The Egyptian Church and Its Leadership in Late Antiquity
The Copts, adherents of the Egyptian Orthodox Church, today represent the largest Christian community in the Middle East, and their presiding bishops have been accorded the title of pope since the third century AD. This major new three-volume study of the popes of Egypt covers the history of the Alexandrian patriarchate from its origins to the present-day leadership of Pope Shenouda III. The first volume analyzes the development of the Egyptian papacy from its origins to the rise of Islam. How did the papal office in Egypt evolve as a social and religious institution during the first six and a half centuries AD? How do the developments in the Alexandrian patriarchate reflect larger developments in the Egyptian church as a whole - in its structures of authority and lines of communication, as well as in its social and religious practices? In addressing such questions, Stephen J. Davis examines a wide range of evidence - letters, sermons, theological treatises, and church histories, as well as art, artifacts, and archaeological remains - to discover what the patriarchs did as leaders, how their leadership was represented in public discourses, and how those representations definitively shaped Egyptian Christian identity in late antiquity.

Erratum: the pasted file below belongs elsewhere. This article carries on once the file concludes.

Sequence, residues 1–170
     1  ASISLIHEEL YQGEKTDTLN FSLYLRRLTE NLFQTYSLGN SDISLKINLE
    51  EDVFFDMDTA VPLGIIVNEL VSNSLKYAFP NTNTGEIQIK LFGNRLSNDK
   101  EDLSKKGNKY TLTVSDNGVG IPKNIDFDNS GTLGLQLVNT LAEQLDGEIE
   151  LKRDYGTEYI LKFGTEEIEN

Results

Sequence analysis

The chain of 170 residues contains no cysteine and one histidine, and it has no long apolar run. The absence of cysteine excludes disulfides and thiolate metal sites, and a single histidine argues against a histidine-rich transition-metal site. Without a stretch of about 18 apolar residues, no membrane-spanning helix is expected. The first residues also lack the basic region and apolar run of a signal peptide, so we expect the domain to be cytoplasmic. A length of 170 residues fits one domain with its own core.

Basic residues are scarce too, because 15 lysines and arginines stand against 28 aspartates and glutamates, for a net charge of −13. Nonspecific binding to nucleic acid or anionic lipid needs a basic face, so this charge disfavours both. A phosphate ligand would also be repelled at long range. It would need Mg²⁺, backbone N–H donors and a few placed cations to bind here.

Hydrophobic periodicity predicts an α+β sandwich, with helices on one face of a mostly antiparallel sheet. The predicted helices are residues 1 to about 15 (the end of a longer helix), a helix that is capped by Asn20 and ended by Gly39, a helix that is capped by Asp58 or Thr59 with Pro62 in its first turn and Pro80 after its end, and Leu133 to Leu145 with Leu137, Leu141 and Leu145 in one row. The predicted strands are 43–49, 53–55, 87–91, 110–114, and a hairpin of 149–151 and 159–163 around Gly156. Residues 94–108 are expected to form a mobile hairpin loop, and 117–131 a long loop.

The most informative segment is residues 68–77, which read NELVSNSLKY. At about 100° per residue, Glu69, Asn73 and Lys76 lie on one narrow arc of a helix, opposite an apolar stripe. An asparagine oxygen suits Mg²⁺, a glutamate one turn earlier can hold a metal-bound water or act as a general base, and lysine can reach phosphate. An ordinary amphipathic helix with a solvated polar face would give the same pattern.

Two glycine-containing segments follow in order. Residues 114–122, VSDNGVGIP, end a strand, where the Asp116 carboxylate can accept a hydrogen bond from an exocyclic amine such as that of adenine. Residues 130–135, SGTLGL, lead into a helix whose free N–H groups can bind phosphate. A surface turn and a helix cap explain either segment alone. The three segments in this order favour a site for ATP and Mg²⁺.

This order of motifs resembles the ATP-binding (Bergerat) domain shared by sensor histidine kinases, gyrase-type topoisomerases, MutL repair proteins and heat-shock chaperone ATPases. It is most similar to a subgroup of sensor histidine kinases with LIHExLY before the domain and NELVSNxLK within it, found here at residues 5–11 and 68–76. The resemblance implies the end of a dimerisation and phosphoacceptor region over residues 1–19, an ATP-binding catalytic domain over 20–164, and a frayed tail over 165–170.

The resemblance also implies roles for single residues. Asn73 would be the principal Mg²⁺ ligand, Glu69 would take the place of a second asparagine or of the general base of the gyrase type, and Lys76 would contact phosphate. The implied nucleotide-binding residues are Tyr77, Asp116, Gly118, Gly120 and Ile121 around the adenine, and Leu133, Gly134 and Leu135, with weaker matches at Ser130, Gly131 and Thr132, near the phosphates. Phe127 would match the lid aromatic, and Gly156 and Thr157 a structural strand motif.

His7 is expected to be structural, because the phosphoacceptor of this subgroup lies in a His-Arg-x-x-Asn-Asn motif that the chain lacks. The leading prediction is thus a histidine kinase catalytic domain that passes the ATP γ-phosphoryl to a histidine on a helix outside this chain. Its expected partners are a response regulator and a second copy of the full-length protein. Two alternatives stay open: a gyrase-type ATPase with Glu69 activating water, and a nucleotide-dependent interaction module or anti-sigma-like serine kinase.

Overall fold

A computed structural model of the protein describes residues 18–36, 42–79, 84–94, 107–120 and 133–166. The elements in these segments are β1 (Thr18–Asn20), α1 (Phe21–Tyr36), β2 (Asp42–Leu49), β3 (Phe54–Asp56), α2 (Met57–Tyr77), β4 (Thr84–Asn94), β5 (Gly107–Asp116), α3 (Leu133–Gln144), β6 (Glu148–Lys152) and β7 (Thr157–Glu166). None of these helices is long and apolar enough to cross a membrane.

Publisher: The American University in Cairo Press
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Format: Hardback | 224 pages
Dimensions: 156mm x 234mm x 24mm | 662g
Publication date: 1 March 2005
Publication City/Country: Cairo
ISBN 10: 9774248309
ISBN 13: 9789774248306
Illustrations note: 15ill.
Sales rank: 333,050